Nick Seluk: The Man Behind “The Awkward Yeti”
“The Awkward Yeti” Lars, with its heart and brain, and all its other organs have become one of our favorite and most
inspirational series of comics that we can both laugh at and easily relate to, in addition to the knowledge of the body’s organs that they enlighten us with in a fun and interesting way. From “Heart” mostly resembling me and inspiring me to go on, explaining my coffee addiction and making my medical field of study seem adorable and funny, to finding a part of me in every comic; “The Awkward Yeti” has become my favorite thing on the Internet. So, with great happiness and pleasure, Persona Magazine was able to interview the man behind all this, Nick Seluk.
1. Other than being the face behind “The Awkward Yeti”, who is Nick Seluk?
A pretty average person who works 6-7 days a week, and spends his spare time with his wife and three kids. I have a surface-level appreciation of a lot of things, but I’m not particularly interesting.
2. What was it that made you decide to take the risk of leaving your graphic designing job and giving “The Awkward Yeti” your full time?
I’ve never been very happy taking direction from people on creative projects. I never understood why as a graphic designer I was taking directions from people without a real understanding of design or marketing. In order to feed my creative side, I dabbled in many creative projects outside of work, as many designers do, but my webcomic fed my real passion of cartooning. I became so obsessed with the idea that it could be a real way to make a living after seeing the success of people like The Oatmeal and Cyanide & Happiness, that I pursued it with great fervor.
I worked mornings, nights and weekends, thought of ideas during my commute (even writing down ideas at stop lights). Things went very well, and three years later I was able to leave my job and allow my wife to continue to be home with our kids full time.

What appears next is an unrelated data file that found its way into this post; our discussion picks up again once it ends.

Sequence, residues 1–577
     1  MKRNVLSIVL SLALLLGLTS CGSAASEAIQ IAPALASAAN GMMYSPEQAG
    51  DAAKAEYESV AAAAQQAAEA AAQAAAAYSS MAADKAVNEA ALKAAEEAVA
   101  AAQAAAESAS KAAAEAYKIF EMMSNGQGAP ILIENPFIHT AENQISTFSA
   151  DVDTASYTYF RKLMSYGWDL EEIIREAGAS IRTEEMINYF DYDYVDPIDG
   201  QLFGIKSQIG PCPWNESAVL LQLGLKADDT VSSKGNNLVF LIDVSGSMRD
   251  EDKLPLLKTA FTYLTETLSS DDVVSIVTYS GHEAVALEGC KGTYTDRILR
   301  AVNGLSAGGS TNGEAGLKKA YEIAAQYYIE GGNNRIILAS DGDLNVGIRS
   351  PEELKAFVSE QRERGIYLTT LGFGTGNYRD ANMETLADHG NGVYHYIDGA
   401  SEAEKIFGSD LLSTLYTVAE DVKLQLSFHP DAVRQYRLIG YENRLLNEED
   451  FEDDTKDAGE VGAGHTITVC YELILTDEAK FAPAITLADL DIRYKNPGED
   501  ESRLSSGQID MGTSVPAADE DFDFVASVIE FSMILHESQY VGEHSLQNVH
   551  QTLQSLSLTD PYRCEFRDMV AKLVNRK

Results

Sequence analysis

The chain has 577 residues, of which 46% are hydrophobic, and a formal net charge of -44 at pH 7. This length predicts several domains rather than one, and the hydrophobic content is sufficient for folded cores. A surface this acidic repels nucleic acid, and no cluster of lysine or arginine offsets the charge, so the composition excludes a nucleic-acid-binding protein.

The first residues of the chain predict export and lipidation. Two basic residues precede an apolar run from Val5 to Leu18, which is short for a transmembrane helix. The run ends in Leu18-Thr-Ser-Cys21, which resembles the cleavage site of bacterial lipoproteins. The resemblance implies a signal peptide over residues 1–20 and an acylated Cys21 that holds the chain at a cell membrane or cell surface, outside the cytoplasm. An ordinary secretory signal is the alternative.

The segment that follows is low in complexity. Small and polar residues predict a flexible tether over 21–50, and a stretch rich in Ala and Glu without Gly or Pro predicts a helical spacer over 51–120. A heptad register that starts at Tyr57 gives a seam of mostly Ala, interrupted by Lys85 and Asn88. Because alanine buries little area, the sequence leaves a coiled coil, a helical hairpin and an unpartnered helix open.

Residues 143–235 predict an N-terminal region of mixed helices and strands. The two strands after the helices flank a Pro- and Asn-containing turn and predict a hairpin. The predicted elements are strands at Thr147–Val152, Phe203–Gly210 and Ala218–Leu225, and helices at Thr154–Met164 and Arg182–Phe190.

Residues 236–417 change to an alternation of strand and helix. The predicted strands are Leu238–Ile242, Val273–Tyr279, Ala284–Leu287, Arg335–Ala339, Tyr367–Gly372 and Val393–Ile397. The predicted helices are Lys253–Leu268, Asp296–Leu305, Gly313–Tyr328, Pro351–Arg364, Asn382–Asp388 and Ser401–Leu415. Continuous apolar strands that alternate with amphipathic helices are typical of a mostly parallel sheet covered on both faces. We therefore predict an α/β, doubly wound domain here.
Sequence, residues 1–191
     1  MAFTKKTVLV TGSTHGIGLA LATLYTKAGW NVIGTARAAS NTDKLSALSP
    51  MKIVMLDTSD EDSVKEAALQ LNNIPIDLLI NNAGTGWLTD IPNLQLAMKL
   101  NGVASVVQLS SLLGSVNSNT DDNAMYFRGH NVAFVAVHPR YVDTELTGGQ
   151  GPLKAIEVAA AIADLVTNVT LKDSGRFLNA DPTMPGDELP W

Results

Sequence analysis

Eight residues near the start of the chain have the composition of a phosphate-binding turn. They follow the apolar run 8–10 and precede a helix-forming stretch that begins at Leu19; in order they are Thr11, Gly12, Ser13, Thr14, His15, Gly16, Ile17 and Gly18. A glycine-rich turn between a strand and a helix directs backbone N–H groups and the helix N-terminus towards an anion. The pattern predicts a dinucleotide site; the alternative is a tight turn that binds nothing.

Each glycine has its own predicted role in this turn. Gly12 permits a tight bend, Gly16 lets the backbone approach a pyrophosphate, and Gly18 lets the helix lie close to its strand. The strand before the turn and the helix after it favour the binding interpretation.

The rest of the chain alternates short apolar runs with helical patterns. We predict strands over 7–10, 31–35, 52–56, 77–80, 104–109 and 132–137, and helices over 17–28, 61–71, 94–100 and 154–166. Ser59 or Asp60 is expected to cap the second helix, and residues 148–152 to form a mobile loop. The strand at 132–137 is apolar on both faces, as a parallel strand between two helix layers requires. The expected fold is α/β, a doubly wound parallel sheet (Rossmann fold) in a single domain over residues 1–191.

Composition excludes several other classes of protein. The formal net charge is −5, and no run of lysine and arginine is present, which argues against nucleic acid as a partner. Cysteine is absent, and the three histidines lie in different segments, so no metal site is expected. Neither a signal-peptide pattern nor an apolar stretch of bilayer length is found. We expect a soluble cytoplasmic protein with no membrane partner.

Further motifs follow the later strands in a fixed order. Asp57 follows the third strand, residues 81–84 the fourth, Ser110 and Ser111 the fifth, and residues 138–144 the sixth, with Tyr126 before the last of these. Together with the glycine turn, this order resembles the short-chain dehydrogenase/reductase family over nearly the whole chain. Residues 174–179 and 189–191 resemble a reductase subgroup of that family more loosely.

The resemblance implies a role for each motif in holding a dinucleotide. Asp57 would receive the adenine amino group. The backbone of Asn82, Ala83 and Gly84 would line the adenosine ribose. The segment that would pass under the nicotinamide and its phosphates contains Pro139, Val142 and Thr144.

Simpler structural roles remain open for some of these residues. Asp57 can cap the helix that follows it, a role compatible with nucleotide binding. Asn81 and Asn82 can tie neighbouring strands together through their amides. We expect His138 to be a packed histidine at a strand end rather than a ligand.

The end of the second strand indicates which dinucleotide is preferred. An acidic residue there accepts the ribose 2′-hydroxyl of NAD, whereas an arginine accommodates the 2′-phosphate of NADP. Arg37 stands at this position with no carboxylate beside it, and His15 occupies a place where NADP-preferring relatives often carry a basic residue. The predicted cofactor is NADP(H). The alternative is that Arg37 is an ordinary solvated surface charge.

Medical Tales Retold was an exhausting series that I’m very proud of – it’s available from tapastic.com’s app Tapas Media. I went through hundreds of story submissions from fans and chose some of my favorites to illustrate for the series. It combines total ridiculousness with real stories and even some real medical information.
4. Have you thought of turning your characters into a cartoon series or an animated movie?
Definitely. It’s one of my childhood dreams to be the creator behind an animated series, so someday I expect to put some real effort into making that happen. Whether that’s with my current characters or new ones remains to be seen.
5. What was the piece of art that made you earn “The Best Artist” award at Mrs. Wolfe’s third grade class? Would you mind sharing it with us?
My best artist award was a general award given by my peers. Everyone in class got an award like “Nicest” or “funniest” and clearly my artistic prowess was unmatched at the time.
6. You support “NAMI: National Alliance on Mental Illness” and have created an amazing comic about anxiety and depression that has gotten a lot of appraisal, in addition to studying psychology of course; and so it seems like mental illness is of great significance to you. How can you briefly enlighten those who might be ignorant about it?
NAMI is a great organization with focus on improving mental health awareness and treatment. I donate to them yearly along with a few other medical organizations. I started donating to NAMI after a couple suicides in my family. Mental health is such a confusing, elusive concept for most people, so I’m glad that the story on anxiety and depression I chose for Medical Tales Retold went viral, and I’m glad organizations like NAMI are working to find better solutions for communication.
(click the image for a better view)
7. So how do you come up with the ideas and themes of the comics? Are there any rituals you perform before drawing or do you just draw when you’re inspired?
I try to find inspiration from my own life, the lives of people around me, or in a lot of cases, observations of general
mentalities in society. When I get writer’s block, I force myself to change routine or go somewhere new.
8. Do people recognize you when you walk on the streets or do you prefer to keep your identity a secret?
Haha! No, people don’t recognize me. In fact, I could probably carry a giant sign saying “I’m the Awkward Yeti” in my hometown and people would have no idea what it means (other than I’m a weirdo).
They all kind of do. I relate to all of them in one way or another. Heart is what I aspire to be (confident and spontaneous), Brain represents thoughts that hold me and others back (but also guide us responsibly forward), Lars is an exaggeration of my introversion, even Tongue is a voice of the impulses I struggle to control. Many of my comics are full of total silliness or sarcasm, but there’s some truth injected into a lot of it (just don’t take them literally).